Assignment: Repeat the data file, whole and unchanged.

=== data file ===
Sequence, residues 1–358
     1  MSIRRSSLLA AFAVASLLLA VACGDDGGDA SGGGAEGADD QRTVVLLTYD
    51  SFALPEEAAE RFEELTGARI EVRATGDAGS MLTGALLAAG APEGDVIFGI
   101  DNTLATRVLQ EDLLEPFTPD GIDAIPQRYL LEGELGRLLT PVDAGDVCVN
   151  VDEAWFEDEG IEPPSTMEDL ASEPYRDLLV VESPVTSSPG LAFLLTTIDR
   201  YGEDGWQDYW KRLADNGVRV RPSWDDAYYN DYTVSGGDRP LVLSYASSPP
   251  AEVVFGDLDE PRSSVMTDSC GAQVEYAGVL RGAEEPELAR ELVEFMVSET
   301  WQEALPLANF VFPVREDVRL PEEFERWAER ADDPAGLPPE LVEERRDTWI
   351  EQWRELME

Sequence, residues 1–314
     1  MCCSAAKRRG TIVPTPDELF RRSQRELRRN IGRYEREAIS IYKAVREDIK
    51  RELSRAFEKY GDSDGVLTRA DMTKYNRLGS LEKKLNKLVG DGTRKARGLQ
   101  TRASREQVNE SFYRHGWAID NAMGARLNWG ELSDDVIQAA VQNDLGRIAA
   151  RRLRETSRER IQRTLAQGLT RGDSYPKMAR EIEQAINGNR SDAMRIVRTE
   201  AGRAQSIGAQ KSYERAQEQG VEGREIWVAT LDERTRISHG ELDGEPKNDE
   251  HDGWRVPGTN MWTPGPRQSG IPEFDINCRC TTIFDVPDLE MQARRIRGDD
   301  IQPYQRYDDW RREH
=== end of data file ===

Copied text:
Sequence, residues 1–358
     1  MSIRRSSLLA AFAVASLLLA VACGDDGGDA SGGGAEGADD QRTVVLLTYD
    51  SFALPEEAAE RFEELTGARI EVRATGDAGS MLTGALLAAG APEGDVIFGI
   101  DNTLATRVLQ EDLLEPFTPD GIDAIPQRYL LEGELGRLLT PVDAGDVCVN
   151  VDEAWFEDEG IEPPSTMEDL ASEPYRDLLV VESPVTSSPG LAFLLTTIDR
   201  YGEDGWQDYW KRLADNGVRV RPSWDDAYYN DYTVSGGDRP LVLSYASSPP
   251  AEVVFGDLDE PRSSVMTDSC GAQVEYAGVL RGAEEPELAR ELVEFMVSET
   301  WQEALPLANF VFPVREDVRL PEEFERWAER ADDPAGLPPE LVEERRDTWI
   351  EQWRELME

Sequence, residues 1–314
     1  MCCSAAKRRG TIVPTPDELF RRSQRELRRN IGRYEREAIS IYKAVREDIK
    51  RELSRAFEKY GDSDGVLTRA DMTKYNRLGS LEKKLNKLVG DGTRKARGLQ
   101  TRASREQVNE SFYRHGWAID NAMGARLNWG ELSDDVIQAA VQNDLGRIAA
   151  RRLRETSRER IQRTLAQGLT RGDSYPKMAR EIEQAINGNR SDAMRIVRTE
   201  AGRAQSIGAQ KSYERAQEQG VEGREIWVAT LDERTRISHG ELDGEPKNDE
   251  HDGWRVPGTN MWTPGPRQSG IPEFDINCRC TTIFDVPDLE MQARRIRGDD
   301  IQPYQRYDDW RREH